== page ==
Reflecting on these contrasting approaches led me to wonder if focusing too intently on the Catechism leads to didacticism — a tendency towards excessive teaching (narrowly defined) that fails to reflect the fullness of catechesis (c.f. Rite of Christian Initiation of Adults no. 75). In its most extreme form this didacticism elevates the Catechism to a status it neither claims nor was designed for. As Bl. Pope John Paul II states in his apostolic constitution promulgating the Catechism,

The Catechism of the Catholic Church… is a statement of the Church’s faith and of catholic doctrine, attested to or illuminated by Sacred Scripture, the Apostolic Tradtition, and the Church’s Magisterium. I declare it to be a sure norm for teaching the faith and this a valid and legitimate instrument for ecclesial communion.

In other words the Catechism is not the last word on the content and expression of the Catholic faith. It is a statement and a norm, not the sole source. That is one reason John Paul II stresses the continued importance and prominence of local catechisms such as the United States Catholic Catechism for Adults and the YouCat. These local catechisms enculturate the content of the Catechism by giving it new expression in local language and form.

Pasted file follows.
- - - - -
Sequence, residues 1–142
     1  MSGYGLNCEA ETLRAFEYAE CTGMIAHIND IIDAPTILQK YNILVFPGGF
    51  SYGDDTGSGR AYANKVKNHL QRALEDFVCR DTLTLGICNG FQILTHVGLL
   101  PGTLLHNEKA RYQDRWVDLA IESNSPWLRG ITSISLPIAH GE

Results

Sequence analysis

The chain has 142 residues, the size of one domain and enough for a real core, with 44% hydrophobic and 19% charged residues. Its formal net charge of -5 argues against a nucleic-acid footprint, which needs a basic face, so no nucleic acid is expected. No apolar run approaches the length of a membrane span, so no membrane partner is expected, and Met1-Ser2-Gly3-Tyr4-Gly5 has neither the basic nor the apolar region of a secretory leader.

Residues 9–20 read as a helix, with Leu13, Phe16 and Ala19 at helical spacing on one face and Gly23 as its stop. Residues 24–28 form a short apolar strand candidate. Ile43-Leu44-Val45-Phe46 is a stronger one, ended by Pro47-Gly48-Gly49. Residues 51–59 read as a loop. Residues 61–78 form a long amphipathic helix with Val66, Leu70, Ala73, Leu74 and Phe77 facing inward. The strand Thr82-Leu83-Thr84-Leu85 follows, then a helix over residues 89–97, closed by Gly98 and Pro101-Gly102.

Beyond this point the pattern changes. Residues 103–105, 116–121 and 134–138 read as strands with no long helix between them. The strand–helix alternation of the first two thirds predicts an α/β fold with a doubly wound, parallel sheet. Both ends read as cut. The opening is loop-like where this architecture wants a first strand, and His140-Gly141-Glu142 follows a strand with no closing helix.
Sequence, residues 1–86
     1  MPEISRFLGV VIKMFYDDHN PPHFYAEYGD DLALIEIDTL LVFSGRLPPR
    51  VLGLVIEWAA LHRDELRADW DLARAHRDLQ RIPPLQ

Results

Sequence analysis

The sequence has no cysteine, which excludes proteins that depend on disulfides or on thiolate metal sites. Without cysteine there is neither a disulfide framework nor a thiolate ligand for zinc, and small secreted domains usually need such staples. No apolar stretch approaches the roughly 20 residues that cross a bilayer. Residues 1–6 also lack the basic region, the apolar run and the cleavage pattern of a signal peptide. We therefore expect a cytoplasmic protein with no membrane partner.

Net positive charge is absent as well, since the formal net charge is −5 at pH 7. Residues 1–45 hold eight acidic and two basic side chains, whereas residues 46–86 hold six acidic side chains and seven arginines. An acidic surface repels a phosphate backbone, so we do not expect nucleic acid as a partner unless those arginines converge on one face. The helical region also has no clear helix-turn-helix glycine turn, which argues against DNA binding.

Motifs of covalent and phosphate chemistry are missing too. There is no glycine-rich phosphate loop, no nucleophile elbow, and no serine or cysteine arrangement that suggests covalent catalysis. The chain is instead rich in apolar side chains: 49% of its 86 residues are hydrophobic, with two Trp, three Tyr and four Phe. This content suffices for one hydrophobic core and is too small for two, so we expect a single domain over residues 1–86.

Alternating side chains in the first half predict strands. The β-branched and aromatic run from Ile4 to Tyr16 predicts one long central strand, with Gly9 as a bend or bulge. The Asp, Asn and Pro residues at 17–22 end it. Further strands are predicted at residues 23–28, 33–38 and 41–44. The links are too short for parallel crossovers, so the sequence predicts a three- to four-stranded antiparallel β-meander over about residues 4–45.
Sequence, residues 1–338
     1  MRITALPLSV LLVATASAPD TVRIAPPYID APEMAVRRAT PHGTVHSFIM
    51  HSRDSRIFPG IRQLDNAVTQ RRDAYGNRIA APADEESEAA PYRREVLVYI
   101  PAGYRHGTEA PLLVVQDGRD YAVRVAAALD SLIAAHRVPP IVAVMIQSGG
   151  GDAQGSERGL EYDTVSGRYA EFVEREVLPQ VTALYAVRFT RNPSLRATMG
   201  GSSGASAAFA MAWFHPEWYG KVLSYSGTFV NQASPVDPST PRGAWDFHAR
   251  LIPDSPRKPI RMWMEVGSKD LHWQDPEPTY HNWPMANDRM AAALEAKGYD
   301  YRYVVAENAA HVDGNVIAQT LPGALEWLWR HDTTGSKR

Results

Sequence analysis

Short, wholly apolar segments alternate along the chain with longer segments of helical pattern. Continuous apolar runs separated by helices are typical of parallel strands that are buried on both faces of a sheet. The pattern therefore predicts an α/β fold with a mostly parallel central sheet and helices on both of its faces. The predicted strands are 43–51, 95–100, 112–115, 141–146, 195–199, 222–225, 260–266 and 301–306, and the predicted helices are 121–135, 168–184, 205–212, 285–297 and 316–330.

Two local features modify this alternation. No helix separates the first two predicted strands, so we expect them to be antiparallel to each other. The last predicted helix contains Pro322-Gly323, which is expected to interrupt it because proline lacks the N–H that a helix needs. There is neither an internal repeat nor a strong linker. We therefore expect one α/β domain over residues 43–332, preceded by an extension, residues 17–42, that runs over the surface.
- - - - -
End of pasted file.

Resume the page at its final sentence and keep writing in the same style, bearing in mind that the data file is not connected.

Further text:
This isn’t to say (it should go without saying) that the Catechism isn’t helpful or shouldn’t be used in catechesis. Indeed, a universal catechism should have a place of prominence in the handing on of the faith. But there does seem to be an overly didactic tendency in some catechists that a fixation on the Catechism feeds into. This tendency manifests in claims that the Catechism is the only authentic source of Catholic teaching, rather than a summary of it, and an insistence that the language used in the Catechism is the only authentic expression of the Catholic faith (an insistence that neglects both Church history and the rich tradition of the Eastern churches).